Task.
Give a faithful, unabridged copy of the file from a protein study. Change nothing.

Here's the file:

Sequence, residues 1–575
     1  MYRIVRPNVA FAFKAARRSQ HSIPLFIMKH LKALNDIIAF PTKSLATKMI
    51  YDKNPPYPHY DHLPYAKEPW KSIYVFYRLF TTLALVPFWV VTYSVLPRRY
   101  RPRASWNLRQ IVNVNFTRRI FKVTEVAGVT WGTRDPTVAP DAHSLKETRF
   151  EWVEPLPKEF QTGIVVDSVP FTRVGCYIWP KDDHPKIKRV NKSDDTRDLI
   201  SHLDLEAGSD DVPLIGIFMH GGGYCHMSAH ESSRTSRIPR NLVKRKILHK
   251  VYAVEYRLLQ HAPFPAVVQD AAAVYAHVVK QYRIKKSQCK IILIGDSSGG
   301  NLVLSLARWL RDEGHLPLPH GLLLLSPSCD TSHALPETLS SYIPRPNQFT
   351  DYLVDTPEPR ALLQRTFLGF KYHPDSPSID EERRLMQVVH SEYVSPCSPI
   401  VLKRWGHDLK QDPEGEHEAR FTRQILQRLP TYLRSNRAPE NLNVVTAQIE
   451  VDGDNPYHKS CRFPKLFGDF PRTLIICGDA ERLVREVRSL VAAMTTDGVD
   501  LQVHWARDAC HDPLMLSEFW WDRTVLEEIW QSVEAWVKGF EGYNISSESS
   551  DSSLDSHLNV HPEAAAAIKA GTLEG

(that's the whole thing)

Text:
Sequence, residues 1–575
     1  MYRIVRPNVA FAFKAARRSQ HSIPLFIMKH LKALNDIIAF PTKSLATKMI
    51  YDKNPPYPHY DHLPYAKEPW KSIYVFYRLF TTLALVPFWV VTYSVLPRRY
   101  RPRASWNLRQ IVNVNFTRRI FKVTEVAGVT WGTRDPTVAP DAHSLKETRF
   151  EWVEPLPKEF QTGIVVDSVP FTRVGCYIWP KDDHPKIKRV NKSDDTRDLI
   201  SHLDLEAGSD DVPLIGIFMH GGGYCHMSAH ESSRTSRIPR NLVKRKILHK
   251  VYAVEYRLLQ HAPFPAVVQD AAAVYAHVVK QYRIKKSQCK IILIGDSSGG
   301  NLVLSLARWL RDEGHLPLPH GLLLLSPSCD TSHALPETLS SYIPRPNQFT
   351  DYLVDTPEPR ALLQRTFLGF KYHPDSPSID EERRLMQVVH SEYVSPCSPI
   401  VLKRWGHDLK QDPEGEHEAR FTRQILQRLP TYLRSNRAPE NLNVVTAQIE
   451  VDGDNPYHKS CRFPKLFGDF PRTLIICGDA ERLVREVRSL VAAMTTDGVD
   501  LQVHWARDAC HDPLMLSEFW WDRTVLEEIW QSVEAWVKGF EGYNISSESS
   551  DSSLDSHLNV HPEAAAAIKA GTLEG